The Sky Is The Limit: 1954 Ford Crestline Skyliner

With innovations in styling and drive-train in the 1950’s, Ford offered a very neat option that was certainly a step outside of the box. The Crestline “Skyliner” has a tinted acrylic window mounted into the roof of the car, so no matter the weather, or time of day, the sky was always within view. This particular Skyliner looks to be a reasonable condition project that was recently running but now needs some attention. This early “moonroof” Ford is offered for $3,900. Check it out here on craigslist out of St. Louis, Missouri.

Bright red, the 223 cubic inch inline 6 has clearly been repainted, and is mated to a manual transmission. The engine was recently running, but now for whatever reason is non-op. The carb is bagged and taped off, and there are a few coolant lines missing as well. As you can see, the engine bay is blue, and the factory color of this Skyliner is white and blue.

The acrylic roof panel was a forward thinking type of idea that must have seemed like one of the coolest features ever in 1954. Although if you are light skinned, or like to avoid the sun, this Ford may not be for you.  Thankfully the acrylic panel is in great shape, and there is no rust around the roof either. You can faintly see the steering wheel through the windshield, but unfortunately that is the most detailed picture there is of the interior. Your guess is as good as mine as to the interior condition, and level of completeness.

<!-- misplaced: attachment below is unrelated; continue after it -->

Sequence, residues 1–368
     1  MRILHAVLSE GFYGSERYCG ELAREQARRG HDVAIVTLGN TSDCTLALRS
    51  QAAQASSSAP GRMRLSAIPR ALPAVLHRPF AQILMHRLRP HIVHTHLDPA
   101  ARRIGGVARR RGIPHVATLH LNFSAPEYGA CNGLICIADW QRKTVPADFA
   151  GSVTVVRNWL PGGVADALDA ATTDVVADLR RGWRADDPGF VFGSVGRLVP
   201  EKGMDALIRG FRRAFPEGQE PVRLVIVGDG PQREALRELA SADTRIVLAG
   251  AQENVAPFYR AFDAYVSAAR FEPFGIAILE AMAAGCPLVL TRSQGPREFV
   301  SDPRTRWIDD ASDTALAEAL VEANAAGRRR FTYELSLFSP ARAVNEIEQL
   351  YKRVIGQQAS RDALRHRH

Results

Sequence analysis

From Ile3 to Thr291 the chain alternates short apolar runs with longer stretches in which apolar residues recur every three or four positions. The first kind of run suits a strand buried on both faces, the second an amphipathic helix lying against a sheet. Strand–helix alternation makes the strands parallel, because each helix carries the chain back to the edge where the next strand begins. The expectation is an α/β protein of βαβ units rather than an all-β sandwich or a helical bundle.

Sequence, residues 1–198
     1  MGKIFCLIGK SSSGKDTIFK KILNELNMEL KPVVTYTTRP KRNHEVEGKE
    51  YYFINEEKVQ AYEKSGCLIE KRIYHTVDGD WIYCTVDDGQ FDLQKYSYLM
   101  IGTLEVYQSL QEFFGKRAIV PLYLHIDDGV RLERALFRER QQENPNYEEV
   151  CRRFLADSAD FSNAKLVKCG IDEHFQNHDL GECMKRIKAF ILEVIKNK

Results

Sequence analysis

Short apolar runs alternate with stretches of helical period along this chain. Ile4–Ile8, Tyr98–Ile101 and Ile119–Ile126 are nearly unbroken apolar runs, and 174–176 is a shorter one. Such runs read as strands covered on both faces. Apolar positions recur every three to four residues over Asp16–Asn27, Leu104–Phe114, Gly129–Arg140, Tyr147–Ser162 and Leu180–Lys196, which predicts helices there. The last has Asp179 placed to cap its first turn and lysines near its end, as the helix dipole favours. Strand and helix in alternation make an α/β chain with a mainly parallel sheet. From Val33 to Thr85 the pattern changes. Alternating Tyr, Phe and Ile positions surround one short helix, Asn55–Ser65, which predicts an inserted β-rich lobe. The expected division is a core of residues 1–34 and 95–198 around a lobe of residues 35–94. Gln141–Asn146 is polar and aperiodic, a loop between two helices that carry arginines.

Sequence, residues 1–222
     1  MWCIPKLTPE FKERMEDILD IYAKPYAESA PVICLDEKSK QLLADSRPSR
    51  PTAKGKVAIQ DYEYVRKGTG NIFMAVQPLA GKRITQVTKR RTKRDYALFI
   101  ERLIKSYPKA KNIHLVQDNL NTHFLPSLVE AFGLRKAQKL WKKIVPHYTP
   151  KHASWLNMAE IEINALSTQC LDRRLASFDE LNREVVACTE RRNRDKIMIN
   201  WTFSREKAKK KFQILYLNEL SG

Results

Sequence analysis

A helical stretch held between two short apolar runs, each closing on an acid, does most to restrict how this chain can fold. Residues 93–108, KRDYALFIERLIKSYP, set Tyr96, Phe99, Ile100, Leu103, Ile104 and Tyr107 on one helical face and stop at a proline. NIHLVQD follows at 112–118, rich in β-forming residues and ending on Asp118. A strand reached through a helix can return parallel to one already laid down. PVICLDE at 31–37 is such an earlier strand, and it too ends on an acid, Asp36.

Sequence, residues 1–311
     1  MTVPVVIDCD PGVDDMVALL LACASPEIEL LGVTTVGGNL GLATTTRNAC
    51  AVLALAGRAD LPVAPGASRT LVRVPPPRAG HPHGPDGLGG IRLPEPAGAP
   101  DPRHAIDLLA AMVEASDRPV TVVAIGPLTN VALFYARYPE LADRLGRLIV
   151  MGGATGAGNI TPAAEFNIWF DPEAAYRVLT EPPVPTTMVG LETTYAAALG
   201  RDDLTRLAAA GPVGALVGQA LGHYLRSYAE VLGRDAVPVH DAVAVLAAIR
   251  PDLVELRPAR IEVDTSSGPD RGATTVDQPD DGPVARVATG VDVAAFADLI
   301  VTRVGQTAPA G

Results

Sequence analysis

Beyond the flat black paint and the red wheels, is a relatively straight Ford, minus a dent in the passenger side quarter. The seller is including a replacement quarter with the car.  There is some rust present, but there does not appear to be much in the way of rot. The lower portion of the rear quarters will need some work, and possibly some rocker repair as well.  There is body trim missing, but overall this Skyliner would be a cool and unique project to revive and  take to varying car events. With a view like a convertible, but without the worry of an aging top, would you take on this unique Ford?